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How far do you agree that the development of the Cold War between 1945 and 1953 was primarily due to ideological divisions? Explain your answer, using the evidence of Source 1, 2 and 3 and your own knowledge of the issues related to this controversy. (40 marks)

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Introduction

´╗┐Chloe Sheen 13A How far do you agree that the development of the Cold War between 1945 and 1953 was primarily due to ideological divisions? Explain your answer, using the evidence of Source 1, 2 and 3 and your own knowledge of the issues related to this controversy. (40 marks) Many believe that ideological differences was the main contributor to the rising tensions between the Great Powers, thus causing the Cold War, however others think others factors were more important or that it was a mixture of them all. Source 1 and 3 both support the view that ideological divisions caused the Cold War, source 3, more so, saying that each country was too confident. Source 1 supports it a little bit, saying that in order to fully delve into what caused the development, ideological divisions is one of the major factors that cannot be left out but also mentions Stalin?s personality. Meanwhile, source 2 focuses more on mistakes Stalin made. Source 3 implies that it was Stalin?s fault that the Cold War developed in this period because he had the chance to build a relationship up with the United States but his believes against capitalism stopped this from happening. ...read more.

Middle

Source 2 also talks about Stalin?s personality. It holds the view that Stalin?s mistakes and his tendency to think irrationally and make things worse by piling them up caused more tensions and thus the Cold War developed. It states that Stalin acted without thinking and ?had he been the head of a responsible government? he would have been sacked. However, because he wasn?t he merely ?cut his losses and proceed[ed] with more blunders?. It uses examples such as the Berlin Airlift and the Korean War. It is known that Stalin had an impulsive personality and the examples in source 2 highlight this. The Berlin Airlift didn?t give Stalin an advantage in the slightest but merely raised tensions and gained more support for the Allied countries and America as they managed to sort the ?mess? out. Instead of spreading his influence and communism he?d hoped to do by forcing the Allies and America out of the rest of Berlin and Germany, Stalin only managed to anger people and create more of a need to do something as he also highlighted the fact that he was willing to let innocent people suffer if it meant he might have a chance to fulfil his aims. ...read more.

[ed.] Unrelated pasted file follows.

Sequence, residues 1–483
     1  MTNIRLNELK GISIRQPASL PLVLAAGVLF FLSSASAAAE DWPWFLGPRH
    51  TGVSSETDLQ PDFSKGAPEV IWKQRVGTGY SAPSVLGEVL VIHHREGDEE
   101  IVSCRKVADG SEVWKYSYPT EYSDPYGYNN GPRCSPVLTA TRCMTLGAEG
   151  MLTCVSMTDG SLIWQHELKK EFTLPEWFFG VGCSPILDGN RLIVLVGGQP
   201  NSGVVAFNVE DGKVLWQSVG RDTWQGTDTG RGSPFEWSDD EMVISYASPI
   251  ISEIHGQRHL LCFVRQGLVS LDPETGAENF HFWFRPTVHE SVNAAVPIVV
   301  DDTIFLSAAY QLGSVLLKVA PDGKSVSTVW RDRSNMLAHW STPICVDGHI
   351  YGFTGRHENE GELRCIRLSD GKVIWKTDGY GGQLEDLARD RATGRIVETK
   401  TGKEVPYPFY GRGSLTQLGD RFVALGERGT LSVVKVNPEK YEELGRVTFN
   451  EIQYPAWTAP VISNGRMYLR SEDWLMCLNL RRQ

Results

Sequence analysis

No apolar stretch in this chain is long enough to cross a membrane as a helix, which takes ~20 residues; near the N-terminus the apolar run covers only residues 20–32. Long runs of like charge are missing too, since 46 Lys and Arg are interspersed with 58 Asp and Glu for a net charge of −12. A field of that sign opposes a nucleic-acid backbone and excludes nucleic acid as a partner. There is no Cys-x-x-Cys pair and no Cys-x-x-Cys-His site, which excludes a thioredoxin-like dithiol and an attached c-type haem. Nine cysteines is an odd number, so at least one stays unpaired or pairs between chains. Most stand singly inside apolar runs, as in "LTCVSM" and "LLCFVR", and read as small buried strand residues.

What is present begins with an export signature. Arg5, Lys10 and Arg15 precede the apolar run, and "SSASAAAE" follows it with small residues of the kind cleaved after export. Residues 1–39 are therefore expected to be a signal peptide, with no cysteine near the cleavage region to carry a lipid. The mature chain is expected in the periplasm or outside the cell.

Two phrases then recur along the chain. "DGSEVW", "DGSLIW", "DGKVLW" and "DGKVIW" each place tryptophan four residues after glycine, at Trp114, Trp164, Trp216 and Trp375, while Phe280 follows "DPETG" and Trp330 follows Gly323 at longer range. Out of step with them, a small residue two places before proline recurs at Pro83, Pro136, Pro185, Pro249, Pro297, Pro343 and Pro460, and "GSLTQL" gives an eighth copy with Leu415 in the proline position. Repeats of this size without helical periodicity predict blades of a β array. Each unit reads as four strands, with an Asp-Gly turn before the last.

Conclusion

This is seen in the Long Telegram where misunderstandings of Stalin?s motives and actions led to America preparing for battle and Stalin becoming increasingly suspicious. All this suspicion would have lead to growing worries about war and was an on-going cycle. In conclusion, ideological divisions was definitely the driving force behind the development of the Cold War because had this issue not been present, then collaboration between the leaders would have been reached easier and compromises and agreements would have been made, leading to less tensions and everyone knowing what was happening. However other factors were also important because not every clash between America and Russia was down to ideological differences, some were purely, it seemed provocation etc, for example the Berlin Blockade didn?t directly involve different ideologies but rather Stalin?s want to earn land and also policies that caused tensions such as Marshall Aid, that was only put in place to help countries that needed it but was viewed differently by Stalin. Although these other factors do play a part, I do agree that the development of the Cold War between 1945 and 1953 was primarily due to ideological divisions. ...read more.

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